First, there is a natural carbon cycle on the planet. Carbon is a basic physical element, found in great quantities both on the surface and in the center of the earth, though it makes up only a small proportion of all of the matter of the earth. Most of this carbon is under the surface, bound up in rocks, in the earth's core, or in fossilized plants that have been buried by the action of water, wind, and time. Then there is the carbon found on or near the surface that cycles back and forth between the air, the water, the rocks and soil, and living things. All life that we know is built out of carbon molecules, and all living things spend much of their time and energy bringing carbon into their bodies. Plants draw it from the air while animals eat other living things made out of carbon. The earth's cycle of carbon is always in flux, plants are growing and dying, animal populations rise and fall, rocks and water absorb and release it. The main point to make about the cycle is that the amount of carbon actively moving around the surface, the waters, and the atmosphere, has stayed in equilibrium for millions of years. The equilibrium amount of carbon in the atmosphere, mostly as carbon dioxide, has stayed about 300 parts per million (a quite small proportion of the air) for at least hundreds of thousands of years up until about one hundred years ago.

The problem that we face today is that people have thrown off this balance, as human activities have drastically increased the amount of carbon going into the atmosphere, much more than the natural systems and cycles can absorb. The most notorious source has been the fossil fuels of coal, oil, and natural gas. These substances once were living organisms, and were trapped underground and transformed into concentrated carbon based energy. When we burn them, we release carbon back into the atmosphere that has been out of circulation for millions of years. Another huge contributor to carbon in the atmosphere is poor land use. For example, forests are cut down, poor agricultural practices destroy soil, cows produce lots of methane (another carbon based greenhouse gas), all of which lead to the carbon stored in these places being released to the atmosphere. Industrial processes can also add carbon to the atmosphere. One such process is the production of cement. Cement is made by heating rock (limestone) that is high in carbon, leading both to a useful product as well putting more carbon dioxide into the atmosphere. The sum of these activities cause the amount of carbon in the atmosphere to rise. Today in the fall of 2017, the amount of carbon dioxide in the atmosphere has risen by a third, to 405 ppm. Current human activities are causing a continued 1 ppm increase each and every year.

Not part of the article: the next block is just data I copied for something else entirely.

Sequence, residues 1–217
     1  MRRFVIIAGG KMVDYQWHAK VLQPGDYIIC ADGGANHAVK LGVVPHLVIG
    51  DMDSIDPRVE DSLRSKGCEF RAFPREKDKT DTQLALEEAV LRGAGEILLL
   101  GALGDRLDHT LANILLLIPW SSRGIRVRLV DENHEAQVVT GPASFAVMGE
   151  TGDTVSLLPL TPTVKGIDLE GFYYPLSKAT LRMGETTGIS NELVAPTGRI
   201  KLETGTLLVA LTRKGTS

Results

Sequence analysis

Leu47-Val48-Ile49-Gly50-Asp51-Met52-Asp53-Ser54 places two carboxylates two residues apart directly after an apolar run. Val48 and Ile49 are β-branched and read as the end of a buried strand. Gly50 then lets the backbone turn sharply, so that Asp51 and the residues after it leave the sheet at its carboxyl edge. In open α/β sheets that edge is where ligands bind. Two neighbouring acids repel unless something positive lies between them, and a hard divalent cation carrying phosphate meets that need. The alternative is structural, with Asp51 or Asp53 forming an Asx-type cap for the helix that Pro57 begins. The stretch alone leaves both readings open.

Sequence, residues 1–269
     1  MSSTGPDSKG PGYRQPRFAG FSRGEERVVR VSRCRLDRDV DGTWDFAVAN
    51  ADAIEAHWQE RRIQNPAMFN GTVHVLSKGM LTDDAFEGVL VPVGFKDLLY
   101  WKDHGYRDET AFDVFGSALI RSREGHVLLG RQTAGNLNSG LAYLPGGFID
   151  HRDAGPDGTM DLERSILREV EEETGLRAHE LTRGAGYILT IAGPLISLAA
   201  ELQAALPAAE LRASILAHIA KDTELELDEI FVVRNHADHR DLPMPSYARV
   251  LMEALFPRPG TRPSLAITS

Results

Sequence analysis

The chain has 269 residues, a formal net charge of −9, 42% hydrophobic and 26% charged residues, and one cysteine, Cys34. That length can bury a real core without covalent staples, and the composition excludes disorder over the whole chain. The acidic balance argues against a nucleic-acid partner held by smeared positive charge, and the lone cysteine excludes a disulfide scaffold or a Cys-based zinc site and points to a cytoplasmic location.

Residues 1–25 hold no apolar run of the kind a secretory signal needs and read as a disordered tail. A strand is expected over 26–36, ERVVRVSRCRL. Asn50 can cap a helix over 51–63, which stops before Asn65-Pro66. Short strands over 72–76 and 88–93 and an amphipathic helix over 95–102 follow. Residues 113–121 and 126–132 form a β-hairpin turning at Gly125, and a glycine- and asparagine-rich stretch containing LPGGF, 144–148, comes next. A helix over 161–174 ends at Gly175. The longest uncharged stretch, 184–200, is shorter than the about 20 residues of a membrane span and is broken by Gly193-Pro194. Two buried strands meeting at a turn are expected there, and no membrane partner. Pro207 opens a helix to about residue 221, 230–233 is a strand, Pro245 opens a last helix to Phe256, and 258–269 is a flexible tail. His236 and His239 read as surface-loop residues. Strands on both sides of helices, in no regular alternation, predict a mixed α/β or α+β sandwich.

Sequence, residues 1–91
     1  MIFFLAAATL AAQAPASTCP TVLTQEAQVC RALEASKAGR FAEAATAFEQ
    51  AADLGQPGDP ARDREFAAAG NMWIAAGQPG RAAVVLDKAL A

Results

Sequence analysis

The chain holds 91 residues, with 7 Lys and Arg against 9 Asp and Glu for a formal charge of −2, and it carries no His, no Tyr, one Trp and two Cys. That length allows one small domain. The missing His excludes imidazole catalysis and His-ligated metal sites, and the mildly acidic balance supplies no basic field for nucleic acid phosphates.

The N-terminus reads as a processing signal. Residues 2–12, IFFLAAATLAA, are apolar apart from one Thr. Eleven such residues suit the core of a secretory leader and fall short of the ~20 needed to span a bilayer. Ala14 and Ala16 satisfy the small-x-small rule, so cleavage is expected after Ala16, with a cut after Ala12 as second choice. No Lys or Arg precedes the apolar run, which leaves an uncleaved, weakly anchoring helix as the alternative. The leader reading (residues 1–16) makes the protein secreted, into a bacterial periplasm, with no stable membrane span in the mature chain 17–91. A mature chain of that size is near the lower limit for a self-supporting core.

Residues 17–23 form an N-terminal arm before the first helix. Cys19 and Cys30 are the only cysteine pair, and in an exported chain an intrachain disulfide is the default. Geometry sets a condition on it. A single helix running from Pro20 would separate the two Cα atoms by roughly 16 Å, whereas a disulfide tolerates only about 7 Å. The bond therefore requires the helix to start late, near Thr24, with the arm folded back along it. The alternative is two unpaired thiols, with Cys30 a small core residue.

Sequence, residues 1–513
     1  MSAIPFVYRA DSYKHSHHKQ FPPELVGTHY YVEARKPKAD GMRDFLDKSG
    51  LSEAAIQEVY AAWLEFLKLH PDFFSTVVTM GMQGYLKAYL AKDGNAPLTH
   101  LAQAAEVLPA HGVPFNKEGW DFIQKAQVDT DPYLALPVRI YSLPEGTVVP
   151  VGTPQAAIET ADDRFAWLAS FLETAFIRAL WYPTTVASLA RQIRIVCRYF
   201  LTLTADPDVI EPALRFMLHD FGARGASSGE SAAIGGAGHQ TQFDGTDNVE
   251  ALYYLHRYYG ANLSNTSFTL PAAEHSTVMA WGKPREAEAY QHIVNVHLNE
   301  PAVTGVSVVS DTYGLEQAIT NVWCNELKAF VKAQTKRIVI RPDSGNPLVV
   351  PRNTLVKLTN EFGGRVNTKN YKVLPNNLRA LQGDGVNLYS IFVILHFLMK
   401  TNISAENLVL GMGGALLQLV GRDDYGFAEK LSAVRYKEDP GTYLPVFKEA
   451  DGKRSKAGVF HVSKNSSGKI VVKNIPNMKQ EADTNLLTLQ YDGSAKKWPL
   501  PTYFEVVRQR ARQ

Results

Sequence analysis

Now, the biggest reason that all of this extra carbon in the atmosphere is a problem is due to the greenhouse effect. The basic analogy of the greenhouse effect is that the glass walls of a greenhouse trap some of the energy from the sun, allowing the inside of a greenhouse to be warmer than the air outside. It turns out that the earth's atmosphere does the same thing. An enormous amount of energy from the sun hits the earth, with some staying and some bouncing back into space. Carbon dioxide and other greenhouse gases in the atmosphere do the same thing as the glass in the greenhouse walls, they trap heat inside. The more greenhouse gases in the atmosphere, the warmer the earth stays. This has mostly been a great thing for life on earth, as the greenhouse effect is the reason that we have such moderate temperatures today that life on earth is so well adapted to. As mentioned in the last paragraph, carbon dioxide in the atmosphere has risen by a third, and this has trapped more heat through the greenhouse effect. So far, this rise in atmospheric carbon has increased the earth's temperature by nearly one degree Celsius. If current trends of humanity's resource and land use continue, this could reach 5 or 6 degrees Celsius (10 degrees Fahrenheit) by the year 2100. Humanity now stands at a point where we are cooking ourselves out of house and home. It is impossible to predict all the effects of this warming, but we do know that it would be catastrophic. Sea levels would rise, weather extremes of flood, drought and wildfire would increase, some ecosystems would collapse and many species would go extinct, and there would be millions of climate refugees fleeing these effects.

Put all together this makes for a very simple goal in fighting climate change, though it will be difficult and complex to achieve: humanity needs to stop putting excess greenhouse gases into the atmosphere if we want to save ourselves and our planet.